Five: Appoint your solicitor/conveyancer

Your solicitor/conveyancer carries out the legal and administrative work involved in the sale and purchase of property. They will discuss with you dates for exchange of contracts and completion of the sale (the day you get the keys). They will investigate the legal aspects of the property such as whether it is affected by any rights of way, previous industrial works (e.g. coal mines) or planning permissions; they will also check whether there are any charges or binding obligations that affect the land (for example 'chancel' - the right of local churches to levy a charge on the community for repairs). Many of these investigations are called searches.

Most solicitors/conveyancers will charge a fixed fee, but remember to check whether you'll need to pay extra for things like Land Registry Fees, local searches or whether they are included.

It's a good idea to know in advance who you will appoint so that things don't get delayed once your offer is accepted. Again, ask your friends, family and colleagues for personal recommendations. We can also recommend good solicitors - use the Other Services link or the Contact form to find out more.

Six: All about Surveys

Your mortgage company will insist on a valuation survey as a minimum. This is so they can decide if they are willing to lend on this type of property. As a first time buyer it's also a good idea to get a home condition survey which will highlight whether there are any issues that need to be dealt with. Sometimes you might need a structural survey, for example if there are major cracks in a wall. If it looks like it will cost a lot of money to remedy a problem you can always try to re-negotiate or withdraw your offer. Just to note you won't get a refund on your survey if you decide to withdraw your offer.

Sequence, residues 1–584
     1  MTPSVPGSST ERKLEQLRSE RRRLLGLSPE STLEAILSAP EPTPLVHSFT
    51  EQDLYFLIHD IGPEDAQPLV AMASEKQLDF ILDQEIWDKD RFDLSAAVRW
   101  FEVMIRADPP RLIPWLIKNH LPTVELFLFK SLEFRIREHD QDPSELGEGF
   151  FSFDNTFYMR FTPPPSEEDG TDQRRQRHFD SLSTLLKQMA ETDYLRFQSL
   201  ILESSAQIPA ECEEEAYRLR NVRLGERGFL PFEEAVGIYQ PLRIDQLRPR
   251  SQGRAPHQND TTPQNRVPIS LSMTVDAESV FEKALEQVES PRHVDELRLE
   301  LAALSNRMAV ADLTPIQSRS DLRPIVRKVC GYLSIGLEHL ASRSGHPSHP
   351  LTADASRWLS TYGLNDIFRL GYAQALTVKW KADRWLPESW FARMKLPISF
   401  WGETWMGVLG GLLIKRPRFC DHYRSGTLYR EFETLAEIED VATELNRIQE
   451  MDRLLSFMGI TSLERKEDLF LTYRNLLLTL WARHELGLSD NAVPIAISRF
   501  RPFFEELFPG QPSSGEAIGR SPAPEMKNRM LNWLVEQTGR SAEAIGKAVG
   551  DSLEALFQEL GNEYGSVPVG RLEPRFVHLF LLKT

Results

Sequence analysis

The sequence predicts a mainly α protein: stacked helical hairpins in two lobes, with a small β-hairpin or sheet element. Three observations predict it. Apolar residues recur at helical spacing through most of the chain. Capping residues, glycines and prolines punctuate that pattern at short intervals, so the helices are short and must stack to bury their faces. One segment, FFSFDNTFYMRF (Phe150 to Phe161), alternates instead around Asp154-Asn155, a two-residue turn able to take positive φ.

Seven: Exchanging contracts

When all the legal research has been done and your mortgage is in place your solicitor/conveyancer will ask you to sign the contract for the purchase of your new home. This contract is legally binding so make sure that you are totally committed. On the day agreed by both parties these contracts will be exchanged and you will need to give your deposit to your solicitor. At the point of exchange your moving day (completion) will also be agreed.

Eight: Moving in

This date is known as completion. The solicitors on both sides will do their final checks and then notify the estate agent that the keys can be released to you. The estate agent will then phone you to ask you to come and collect the keys and you will need to bring photographic evidence (e.g. passport) of who you are.

To make things go smoothly you should sort out the following things as soon as exchange takes place:

  • Book a removals firm (ideally sort this out before exchange)
  • Contact utility companies (gas, electricity, water, telephone)
  • Organise redirection of your mail with the Post Office

 

And that's it! You're now officially a homeowner! Now all you have to do buy the drinks for that all important house warming party! We hope you enjoy many years in your first home. And remember when you come to move on, Lifestyle Homes will be here to help you.